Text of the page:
Mike Kaszuba and Eric Roper

With speculation surrounding a proposed a state-run casino in downtown Minneapolis  increasing at the Legislature, a lobbying group known as Minnesota Live! has been created and includes Ward Einess, former Gov. Tim Pawlenty’s revenue commissioner.

The new lobbying group, which was created last month, lists its director as Bob Lux, the new owner of Block E in downtown Minneapolis.

“I can’t speak about it at all,” Einess said Monday.  “My client is Bob Lux.  He owns Block E....We’re getting to the point where the train’s going to have to leave the station."

In February, Minneapolis officials said Lux – who has so far declined comment – had been quietly seeking support for building a luxury casino on Block E, the struggling mall across from Target Center that Lux bought a year ago.  Ted Mondale, the new chair of the Metropolitan Sports Facilities Commission, who is working on a new stadium for the Minnesota Vikings, said Lux discussed his plan with him earlier this year.

While few legislative leaders said they knew details of the plan, they said such a proposal would certainly raise eyebrows as the Legislature finishes its final three weeks before a scheduled May 23 adjournment.  It would likely also put political pressure on Republicans, who hold majorities in both the House and Senate, and have been internally debating the pros and cons of supporting gambling proposals as the state faces a $5.1 billion deficit.

“I’m certainly not a big fan of expanding gaming,” said Rep. Greg Davids, the House Taxes Committee chair.  “But I certainly will hear those types of bills.  [The supporters though will] have to get the votes in committee.

“I would hear those types of bills unless I hear from [Republican legislative] leadership that I’m not to hear those types of bills,” he added.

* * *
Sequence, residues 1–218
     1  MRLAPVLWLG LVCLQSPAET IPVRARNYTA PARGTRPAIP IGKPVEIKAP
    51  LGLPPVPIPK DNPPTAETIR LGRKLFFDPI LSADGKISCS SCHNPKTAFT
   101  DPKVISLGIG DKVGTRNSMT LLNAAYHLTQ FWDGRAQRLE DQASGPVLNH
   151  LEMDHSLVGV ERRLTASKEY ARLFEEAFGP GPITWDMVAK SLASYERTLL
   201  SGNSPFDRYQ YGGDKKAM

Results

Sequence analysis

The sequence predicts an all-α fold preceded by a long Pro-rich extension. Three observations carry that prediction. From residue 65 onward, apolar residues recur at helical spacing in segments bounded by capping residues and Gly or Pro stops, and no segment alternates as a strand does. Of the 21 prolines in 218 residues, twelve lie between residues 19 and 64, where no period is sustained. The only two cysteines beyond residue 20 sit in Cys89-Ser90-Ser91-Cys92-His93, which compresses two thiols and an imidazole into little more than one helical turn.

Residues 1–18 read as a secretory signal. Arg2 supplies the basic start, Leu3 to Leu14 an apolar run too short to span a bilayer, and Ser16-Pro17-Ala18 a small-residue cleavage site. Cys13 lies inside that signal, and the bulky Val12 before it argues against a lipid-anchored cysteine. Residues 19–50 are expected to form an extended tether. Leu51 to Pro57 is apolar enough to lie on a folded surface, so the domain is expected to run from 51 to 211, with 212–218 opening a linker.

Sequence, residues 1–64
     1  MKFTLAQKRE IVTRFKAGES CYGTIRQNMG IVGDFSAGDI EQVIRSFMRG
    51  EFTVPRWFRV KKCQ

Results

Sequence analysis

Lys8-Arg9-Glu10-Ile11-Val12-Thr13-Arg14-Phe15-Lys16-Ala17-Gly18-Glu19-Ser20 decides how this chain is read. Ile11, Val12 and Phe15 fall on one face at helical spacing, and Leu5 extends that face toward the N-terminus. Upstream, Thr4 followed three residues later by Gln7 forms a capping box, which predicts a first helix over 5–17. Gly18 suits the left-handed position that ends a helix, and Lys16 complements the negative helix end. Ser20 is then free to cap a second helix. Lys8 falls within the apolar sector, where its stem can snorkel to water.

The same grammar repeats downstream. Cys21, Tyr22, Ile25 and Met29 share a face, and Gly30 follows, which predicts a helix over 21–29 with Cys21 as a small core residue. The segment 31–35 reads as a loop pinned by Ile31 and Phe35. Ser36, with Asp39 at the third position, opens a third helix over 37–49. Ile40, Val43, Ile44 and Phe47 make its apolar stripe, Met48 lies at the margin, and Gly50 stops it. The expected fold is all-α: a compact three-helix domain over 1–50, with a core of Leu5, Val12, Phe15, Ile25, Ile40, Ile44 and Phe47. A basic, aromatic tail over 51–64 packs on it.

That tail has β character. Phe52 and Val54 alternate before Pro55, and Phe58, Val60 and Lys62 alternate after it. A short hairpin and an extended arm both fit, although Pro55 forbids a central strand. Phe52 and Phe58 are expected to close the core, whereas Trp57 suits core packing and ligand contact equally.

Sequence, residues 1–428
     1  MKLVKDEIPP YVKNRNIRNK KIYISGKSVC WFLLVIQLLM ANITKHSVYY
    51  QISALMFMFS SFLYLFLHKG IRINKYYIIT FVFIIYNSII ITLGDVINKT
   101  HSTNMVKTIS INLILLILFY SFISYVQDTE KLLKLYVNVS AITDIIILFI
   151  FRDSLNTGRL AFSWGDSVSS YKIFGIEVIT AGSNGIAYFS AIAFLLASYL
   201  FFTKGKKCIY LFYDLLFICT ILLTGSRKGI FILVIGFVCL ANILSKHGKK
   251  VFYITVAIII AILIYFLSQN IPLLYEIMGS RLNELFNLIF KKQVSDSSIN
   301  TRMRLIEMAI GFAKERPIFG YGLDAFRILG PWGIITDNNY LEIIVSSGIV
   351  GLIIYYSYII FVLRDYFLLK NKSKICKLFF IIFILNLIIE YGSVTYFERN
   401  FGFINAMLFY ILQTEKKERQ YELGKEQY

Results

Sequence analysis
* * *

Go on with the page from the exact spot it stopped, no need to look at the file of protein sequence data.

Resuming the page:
Sen. Geoff Michel, R-Edina, the deputy majority leader, said Monday that “I know these guys are floating around” and pushing a casino plan but said he not seen the proposal .  He said he was undecided whether he would support such a plan.  “I’m not ready to say that, either way,” he said.

“I haven’t made any decisions on this,” Michel added.  “And I’ve been told in some e-mails that there’s a bunch of people that are using my name with it.”

The rumblings concerning a downtown Minneapolis casino also come as Mayor R.T. Rybak may have slightly hardened his opposition to it.

Back in February, the mayor said he was opposed to a gambling expansion but added that if the Legislature moved to expand gambling, he wanted the new offering in Minneapolis.

On Monday however Rybak’s spokesman, John Stiles, said the mayor was flat-out opposed.

“The mayor is opposed to the expansion of gambling in Minnesota,” said Stiles.

He has had some meetings with backers of the downtown casino, Stiles said, “but remains opposed.”

Rachel E. Stassen-Berger contributed to this report.